After working through the above, everything worked as I expected. In the past I used Fedora almost exclusively, right around the time RedHat turned into the Micro$oft of the Linux world and RedHat was no longer free. After a while I started using variations of Debian, with some dabbling with Slackware and OpenBSD (and FreeBSD) of which requires a lot of hand-holding, patience, time and good code compilation error troubleshooting skill. I’ll have to get used to using DNF (Dandified yum, next-gen fork of yum) again versus Debian’s APT. Syntactically, they’re close and I’m not exactly new to using dnf.

That’s it. That was my, not so problematic experience installing Fedora on my system76 device.

And that’s all I have to say about that.

Monitor Hot-plug Script


I recently installed Pop!_OS from system76 (maker of my laptop) which happens to use a customized implementation of the Unity desktop. I’ve never been a fan of Ubuntu and certainly never cared for the Unity desktop. But I figured I would give it a try for a period of time before switching to something that is, in my opinion, more user-friendly and configurable (such as XFCE, Openbox, etc.). This isn’t about my opinion of Ubuntu, Unity or all efforts in Linux that go out of their way to mimic Microsoft Windows and Apple.

While it is a laptop that I use, I do, for the most part have an external monitor connected to it via an A/B switch for my work laptop and my personal one. One the functionalities lacking in Gnome3 (as well as other desktop environments) in general is the detection of when an external monitor is connected. Sure, you could use something like arandr the will generate a script for you and you can map it to a keyboard shortcut (binding), but that requires some manual effort that, frankly, shouldn’t be necessary. So, what I did was create a utility (chreli-monitor-hotplug) that simulates detecting when an external monitor is connected or disconnected, leveraging xrandr. The script is written in Perl and loops continuously (sleeping for 5 seconds) parsing the output of xrandr to see what’s connected, primary, etc. It’s not elegant, as I’m sure there are other like scripts or applications out there that can do the same thing better, but this gets the job done (for me any way).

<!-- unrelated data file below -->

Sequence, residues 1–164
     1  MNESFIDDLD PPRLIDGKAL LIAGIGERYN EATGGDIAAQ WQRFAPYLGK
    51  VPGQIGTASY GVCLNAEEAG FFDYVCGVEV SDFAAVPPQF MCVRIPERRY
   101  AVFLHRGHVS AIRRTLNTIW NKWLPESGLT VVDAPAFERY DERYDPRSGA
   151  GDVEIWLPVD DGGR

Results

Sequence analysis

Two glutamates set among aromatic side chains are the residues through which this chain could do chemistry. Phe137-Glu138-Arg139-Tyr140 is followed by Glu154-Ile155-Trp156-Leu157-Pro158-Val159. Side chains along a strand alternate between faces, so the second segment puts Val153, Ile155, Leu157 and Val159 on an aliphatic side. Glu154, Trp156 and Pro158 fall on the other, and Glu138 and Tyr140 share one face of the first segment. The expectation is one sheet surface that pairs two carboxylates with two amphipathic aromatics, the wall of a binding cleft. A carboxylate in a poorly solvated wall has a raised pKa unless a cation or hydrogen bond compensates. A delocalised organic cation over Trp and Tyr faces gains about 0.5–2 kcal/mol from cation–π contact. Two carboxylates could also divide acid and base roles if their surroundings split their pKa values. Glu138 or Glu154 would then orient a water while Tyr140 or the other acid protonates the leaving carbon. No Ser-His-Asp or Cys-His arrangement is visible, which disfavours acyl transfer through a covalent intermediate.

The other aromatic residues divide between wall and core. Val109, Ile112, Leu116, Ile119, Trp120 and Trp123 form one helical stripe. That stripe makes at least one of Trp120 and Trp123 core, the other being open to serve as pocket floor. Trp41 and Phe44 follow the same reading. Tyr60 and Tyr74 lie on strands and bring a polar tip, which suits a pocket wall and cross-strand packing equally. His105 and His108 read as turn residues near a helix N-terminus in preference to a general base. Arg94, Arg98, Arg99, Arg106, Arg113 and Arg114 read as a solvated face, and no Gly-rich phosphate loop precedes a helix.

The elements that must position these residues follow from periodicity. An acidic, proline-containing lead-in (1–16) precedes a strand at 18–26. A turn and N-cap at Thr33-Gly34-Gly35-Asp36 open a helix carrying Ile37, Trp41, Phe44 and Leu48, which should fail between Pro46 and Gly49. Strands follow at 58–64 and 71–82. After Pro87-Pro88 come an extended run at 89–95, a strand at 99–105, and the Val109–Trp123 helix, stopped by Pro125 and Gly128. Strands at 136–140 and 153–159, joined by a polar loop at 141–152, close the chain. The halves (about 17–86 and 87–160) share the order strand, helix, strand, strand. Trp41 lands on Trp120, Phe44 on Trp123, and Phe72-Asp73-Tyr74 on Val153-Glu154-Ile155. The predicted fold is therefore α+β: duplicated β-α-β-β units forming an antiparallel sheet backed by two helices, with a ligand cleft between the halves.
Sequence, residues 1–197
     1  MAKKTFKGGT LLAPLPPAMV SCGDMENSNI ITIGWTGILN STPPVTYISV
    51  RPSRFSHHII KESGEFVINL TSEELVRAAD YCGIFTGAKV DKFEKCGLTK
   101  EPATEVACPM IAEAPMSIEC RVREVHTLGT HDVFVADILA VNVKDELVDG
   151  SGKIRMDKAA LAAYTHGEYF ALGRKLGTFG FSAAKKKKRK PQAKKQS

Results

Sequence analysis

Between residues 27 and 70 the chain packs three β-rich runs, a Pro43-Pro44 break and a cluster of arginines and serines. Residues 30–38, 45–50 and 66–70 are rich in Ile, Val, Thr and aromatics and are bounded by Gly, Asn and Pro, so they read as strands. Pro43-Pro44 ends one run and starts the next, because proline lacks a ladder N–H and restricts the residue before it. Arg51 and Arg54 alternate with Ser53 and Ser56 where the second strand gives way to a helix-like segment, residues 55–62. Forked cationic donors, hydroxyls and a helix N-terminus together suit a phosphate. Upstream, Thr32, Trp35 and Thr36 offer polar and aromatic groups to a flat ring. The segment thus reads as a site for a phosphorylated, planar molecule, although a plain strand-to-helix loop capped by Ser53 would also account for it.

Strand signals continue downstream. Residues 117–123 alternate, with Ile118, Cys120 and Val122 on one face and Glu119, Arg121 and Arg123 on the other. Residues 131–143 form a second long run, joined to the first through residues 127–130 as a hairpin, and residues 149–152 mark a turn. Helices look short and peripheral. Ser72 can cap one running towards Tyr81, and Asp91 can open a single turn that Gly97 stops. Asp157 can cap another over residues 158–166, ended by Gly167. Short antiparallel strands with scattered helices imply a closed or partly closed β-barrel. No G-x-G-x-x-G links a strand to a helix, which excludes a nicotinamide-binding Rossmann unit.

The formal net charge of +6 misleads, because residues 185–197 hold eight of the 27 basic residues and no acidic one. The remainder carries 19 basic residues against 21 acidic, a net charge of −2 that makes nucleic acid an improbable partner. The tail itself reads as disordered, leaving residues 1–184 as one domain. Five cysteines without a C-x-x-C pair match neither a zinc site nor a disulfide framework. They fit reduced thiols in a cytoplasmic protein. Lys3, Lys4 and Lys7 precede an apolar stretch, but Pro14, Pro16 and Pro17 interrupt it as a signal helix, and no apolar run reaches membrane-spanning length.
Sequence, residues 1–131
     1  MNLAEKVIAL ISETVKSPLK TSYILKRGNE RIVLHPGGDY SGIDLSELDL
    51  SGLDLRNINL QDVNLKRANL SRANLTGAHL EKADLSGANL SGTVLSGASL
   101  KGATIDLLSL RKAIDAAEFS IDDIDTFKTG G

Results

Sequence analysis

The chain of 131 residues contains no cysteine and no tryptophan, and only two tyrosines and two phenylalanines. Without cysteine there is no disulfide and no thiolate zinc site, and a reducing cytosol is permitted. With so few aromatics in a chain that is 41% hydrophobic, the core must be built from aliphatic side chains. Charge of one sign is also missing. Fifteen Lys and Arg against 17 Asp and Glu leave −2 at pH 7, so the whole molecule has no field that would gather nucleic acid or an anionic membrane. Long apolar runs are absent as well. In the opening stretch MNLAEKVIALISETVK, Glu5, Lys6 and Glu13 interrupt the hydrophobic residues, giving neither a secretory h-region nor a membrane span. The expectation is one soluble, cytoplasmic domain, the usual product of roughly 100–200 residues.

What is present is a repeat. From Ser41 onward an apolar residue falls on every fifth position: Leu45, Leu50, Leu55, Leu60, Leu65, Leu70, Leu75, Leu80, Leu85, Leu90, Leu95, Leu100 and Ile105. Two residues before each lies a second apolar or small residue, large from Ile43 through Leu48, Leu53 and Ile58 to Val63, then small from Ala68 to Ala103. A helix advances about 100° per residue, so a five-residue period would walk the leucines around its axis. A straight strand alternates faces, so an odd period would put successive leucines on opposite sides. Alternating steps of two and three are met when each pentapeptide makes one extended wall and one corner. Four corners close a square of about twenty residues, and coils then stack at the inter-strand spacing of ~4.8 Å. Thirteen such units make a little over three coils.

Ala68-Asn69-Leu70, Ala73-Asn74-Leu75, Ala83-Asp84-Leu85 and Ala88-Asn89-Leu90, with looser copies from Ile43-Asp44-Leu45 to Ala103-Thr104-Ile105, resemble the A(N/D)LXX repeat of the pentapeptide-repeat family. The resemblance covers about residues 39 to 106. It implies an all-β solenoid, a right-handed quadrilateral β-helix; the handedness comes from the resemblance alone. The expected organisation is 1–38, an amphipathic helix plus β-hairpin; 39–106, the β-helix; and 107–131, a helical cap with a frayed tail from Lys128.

The following are required for chreli-monitor-hotplug:

  • x11-xserver-utils (needed for xrandr)
  • perl


To install, download chreli-monitor-hotplug-1.0.20171103.deb and execute the following command:

Disclaimer: This program is distributed in the hope that it will be useful, but WITHOUT ANY WARRANTY; without even the implied warranty of MERCHANTABILITY or FITNESS FOR A PARTICULAR PURPOSE. See the GNU General Public License for more details.

sudo /usr/bin/dpkg -i chreli-monitor-hotplug-1.0.20171103.deb


Using GNOME Tweaks, navigate to Startup Applications, click the + and in dialog, search for ChrEli.

Select ChrEli Monitor Hotplug and click the Add button.

Alternatively, you could just copy /usr/share/applications/chreli-monitor-hotplug.desktop to ~/.config/autostart.

The above will result in chreli-monitor-hotplug auto-starting on next restart (or re-login).


Upon initial execution of chreli-monitor-hotplug, it will create and set defaults in ~/.config/chreli-monitor-hotplug/chreli-monitor-hotplug:

# chreli-monitor-hotplug 1.0.20171104
# configuration file for chreli-monitor-hotplug

# debug
# default: 0

# interval (in seconds) to check monitor changes
# default: 5

# dual
#  o flag to use both connected monitors
# default: 0

# external.primary
#  o flag to make external primary monitor
# default: 1


That’s it. Nothing complex, but gets the job done and meets my needs (at least on my system). Given that every system and distro is different in how they behave, name devices, etc., chreli-monitor-hotplug may not work out-of-the-box on all system, but should for most.

And that’s all I have to say about that.